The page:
Harrison County

FunTime owners promise Gulfport comeback despite hurdles

GULFPORT -- The owners of FunTime USA amusement park hope to open by July Fourth, despite a rift with neighbors over zoning for the property.

Co-owners Rafe O'Neal and Romy Simpson said they will reconfigure park plans so they will no longer need the rezoning that has delayed FunTime's return.

Hurricane Katrina destroyed the popular amusement park in 2005. O'Neal, nephew of the previous owner, and Simpson want to rebuild on the east side of Cowan Road at U.S. 90, across the street from the original location.

The Planning Commission has twice approved a request to rezone a portion of the property from neighborhood business to major business use. Ward 2 Councilman Ricky Dombrowski, who is over the area where FunTime wants to rebuild, indicated he would oppose the rezoning request when it came before the City Council on Tuesday. Often, council members respect the wishes of the ward representative.

The owners of the acreage FunTime wants to lease withdrew their rezoning request at the council meeting.

"After careful consideration, this has proven to be a divisive issue," attorney Bill Williams, who represents the property owners, told council members. He said the property owners want to work with the city's ad

ministration to bring back FunTime. "That way," he said, "everyone wins."

Residents of Georgia Place, the neighborhood north of the proposed location, oppose FunTime because they fear it will bring noise and too much traffic.

Georgia Place lost 16 of 25 neighborhood homes to Katrina. There are now 15 homes and 10 empty lots, resident Don Wojcik said. Wojcik had prepared a statement for the council meeting that said, in part: "The majority of homeowners are here today to voice their objections. We invested blood, sweat and tears trying to make our neighborhood whole again ... How would you like to have 20 or 30 kids in your backyard every day, seven days a week, 12 hours a day? Not a pleasant thought."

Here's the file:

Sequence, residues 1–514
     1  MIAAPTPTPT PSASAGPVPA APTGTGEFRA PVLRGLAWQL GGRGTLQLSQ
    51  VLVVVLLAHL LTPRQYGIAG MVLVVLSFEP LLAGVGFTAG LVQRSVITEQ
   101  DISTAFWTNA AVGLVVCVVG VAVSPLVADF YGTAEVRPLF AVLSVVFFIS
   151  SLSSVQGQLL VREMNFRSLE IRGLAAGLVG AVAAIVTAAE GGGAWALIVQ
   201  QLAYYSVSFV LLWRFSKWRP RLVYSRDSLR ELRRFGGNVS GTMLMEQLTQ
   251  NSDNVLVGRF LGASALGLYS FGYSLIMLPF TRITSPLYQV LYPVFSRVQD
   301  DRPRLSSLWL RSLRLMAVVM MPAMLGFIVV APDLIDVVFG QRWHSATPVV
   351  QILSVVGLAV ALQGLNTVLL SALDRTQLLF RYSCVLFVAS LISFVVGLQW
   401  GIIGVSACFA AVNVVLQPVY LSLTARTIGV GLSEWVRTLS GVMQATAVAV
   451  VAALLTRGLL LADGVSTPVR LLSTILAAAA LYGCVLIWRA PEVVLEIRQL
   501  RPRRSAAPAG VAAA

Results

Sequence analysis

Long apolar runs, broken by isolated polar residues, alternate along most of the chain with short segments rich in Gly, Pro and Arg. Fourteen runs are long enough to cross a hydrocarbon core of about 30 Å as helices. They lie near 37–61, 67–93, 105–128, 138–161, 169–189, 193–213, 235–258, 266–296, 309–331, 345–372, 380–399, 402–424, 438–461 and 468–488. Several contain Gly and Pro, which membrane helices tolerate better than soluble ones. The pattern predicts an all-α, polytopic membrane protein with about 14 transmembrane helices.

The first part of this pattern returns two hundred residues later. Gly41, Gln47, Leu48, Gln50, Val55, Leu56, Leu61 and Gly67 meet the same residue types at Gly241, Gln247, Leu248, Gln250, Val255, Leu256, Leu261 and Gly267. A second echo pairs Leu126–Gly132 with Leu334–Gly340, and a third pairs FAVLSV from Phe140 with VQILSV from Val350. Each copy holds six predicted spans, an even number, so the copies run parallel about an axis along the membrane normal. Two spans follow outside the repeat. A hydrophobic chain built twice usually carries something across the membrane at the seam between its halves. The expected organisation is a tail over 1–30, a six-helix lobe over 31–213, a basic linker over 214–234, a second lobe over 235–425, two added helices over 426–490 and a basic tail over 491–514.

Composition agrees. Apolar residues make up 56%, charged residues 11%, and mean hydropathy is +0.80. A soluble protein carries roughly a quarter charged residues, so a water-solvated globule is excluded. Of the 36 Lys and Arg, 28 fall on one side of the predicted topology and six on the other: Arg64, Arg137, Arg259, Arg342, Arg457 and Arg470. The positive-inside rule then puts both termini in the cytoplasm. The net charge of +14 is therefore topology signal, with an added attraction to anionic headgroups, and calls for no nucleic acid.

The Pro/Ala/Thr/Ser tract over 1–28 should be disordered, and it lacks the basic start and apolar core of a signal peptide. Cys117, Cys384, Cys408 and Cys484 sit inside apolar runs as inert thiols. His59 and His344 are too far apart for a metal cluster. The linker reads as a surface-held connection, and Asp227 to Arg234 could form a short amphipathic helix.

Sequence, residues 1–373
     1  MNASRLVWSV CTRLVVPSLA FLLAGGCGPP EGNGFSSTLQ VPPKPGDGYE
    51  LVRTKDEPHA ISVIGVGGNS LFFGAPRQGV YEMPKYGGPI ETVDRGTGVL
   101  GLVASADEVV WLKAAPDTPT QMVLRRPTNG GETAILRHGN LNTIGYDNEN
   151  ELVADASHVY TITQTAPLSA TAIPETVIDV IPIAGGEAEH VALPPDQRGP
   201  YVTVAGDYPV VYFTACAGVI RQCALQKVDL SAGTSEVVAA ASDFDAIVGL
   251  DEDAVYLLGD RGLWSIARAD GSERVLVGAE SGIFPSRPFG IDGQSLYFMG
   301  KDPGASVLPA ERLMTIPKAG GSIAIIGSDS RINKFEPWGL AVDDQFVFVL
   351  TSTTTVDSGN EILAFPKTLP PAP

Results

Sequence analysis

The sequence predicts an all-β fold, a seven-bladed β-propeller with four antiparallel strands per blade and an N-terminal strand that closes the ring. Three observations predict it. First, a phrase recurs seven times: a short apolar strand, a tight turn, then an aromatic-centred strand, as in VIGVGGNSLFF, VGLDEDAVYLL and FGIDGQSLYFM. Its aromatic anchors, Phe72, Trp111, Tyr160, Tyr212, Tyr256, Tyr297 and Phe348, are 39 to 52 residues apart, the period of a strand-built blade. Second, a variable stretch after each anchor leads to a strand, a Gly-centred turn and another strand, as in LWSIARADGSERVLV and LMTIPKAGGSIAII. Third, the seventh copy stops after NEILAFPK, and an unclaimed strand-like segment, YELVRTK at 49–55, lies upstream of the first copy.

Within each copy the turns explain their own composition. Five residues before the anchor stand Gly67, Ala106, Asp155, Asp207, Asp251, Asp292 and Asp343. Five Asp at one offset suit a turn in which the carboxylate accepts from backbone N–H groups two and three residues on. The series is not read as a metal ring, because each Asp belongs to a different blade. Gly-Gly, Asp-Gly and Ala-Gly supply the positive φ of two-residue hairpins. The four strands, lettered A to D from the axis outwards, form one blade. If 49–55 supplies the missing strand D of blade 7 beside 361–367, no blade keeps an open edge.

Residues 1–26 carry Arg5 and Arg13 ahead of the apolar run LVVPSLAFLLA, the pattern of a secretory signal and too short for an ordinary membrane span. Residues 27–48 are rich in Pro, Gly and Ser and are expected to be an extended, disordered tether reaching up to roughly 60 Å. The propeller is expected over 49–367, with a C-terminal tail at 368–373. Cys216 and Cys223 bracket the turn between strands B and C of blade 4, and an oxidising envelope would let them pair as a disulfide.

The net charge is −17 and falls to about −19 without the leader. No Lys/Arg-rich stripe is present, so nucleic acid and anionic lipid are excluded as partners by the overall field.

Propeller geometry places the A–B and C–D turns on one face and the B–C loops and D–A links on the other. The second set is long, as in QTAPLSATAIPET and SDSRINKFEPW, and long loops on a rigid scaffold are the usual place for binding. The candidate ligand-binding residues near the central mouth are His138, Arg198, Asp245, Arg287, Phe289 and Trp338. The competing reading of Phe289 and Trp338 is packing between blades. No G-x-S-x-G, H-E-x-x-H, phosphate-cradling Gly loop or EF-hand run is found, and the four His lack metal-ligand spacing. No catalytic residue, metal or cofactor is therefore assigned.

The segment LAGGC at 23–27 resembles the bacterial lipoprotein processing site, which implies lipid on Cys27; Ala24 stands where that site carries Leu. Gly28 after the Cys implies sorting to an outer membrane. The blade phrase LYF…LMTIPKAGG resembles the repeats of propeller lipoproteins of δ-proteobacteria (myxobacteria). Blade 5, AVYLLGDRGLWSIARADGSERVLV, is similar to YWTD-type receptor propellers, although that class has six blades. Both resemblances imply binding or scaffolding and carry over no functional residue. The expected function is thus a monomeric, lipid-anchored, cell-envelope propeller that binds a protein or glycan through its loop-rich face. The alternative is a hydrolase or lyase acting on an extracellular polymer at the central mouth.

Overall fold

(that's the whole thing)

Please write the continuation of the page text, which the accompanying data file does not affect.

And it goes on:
O'Neal told the Sun Herald that FunTime plans to put its noisiest ride, a go-cart track, on the south end of the property near the highway. He also said FunTime plans to plant trees to absorb noise. Property also sits between FunTime and the neighborhood.

FunTime went to court years ago over noise, resolving the problem by building a berm and planting shrubbery between the park and the neighborhood to the north at its old location. O'Neal said the park received no noise complaints after that solution in 1981.

FunTime has the financing to move forward with its plans, said Dennis Tynes, owner of Sprout Community Development Entity. Sprout is certified by the U.S. Treasury Department to raise money for projects that save or create jobs in low-income areas. He has previously worked on projects that include Kress Live, a music venue in downtown Biloxi.

Many amusement parks have been proposed on the Coast, but Tynes said FunTime has the brand, the dream and the support to succeed. Opponents have suggested FunTime find another location, but the owners searched for years before settling on the current site. They have invested time and money in the site.

"We are not planning to leave Gulfport," Tynes said. "We have Plan A, Plan B and Plan C."

He said FunTime will create 47 jobs and those jobs will pay above minimum wage.

FunTime's rebirth has inspired support Coastwide. A FunTime Facebook page had 4,626 likes Tuesday afternoon. Supporters also showed up for the council meeting. Beforehand, Simpson handed out T-shirts from a car trunk for supporters to wear in the council meeting. The shirts said in big letters across the front, "Gulfport City Council Vote Yes!"

Harold Keller of Gulfport proudly wore one of the shirts. He's 78 now, but as a young man in the early 1960s worked for a previous owner of FunTime. He ran the rides, he said. He said FunTime was good for Gulfport and the Coast.

Maggie Fletcher, 22, of Long Beach remembers her childhood visits to FunTime before the hurricane. She showed up to support the amusement park, too.

"I loved it," said Fletcher, who also donned a T-shirt. "I remember almost getting myself sick on the Tilt-a-Whirl after I rode it so many times. My Dad said, 'OK, you're not riding it again, so go find something else to ride."

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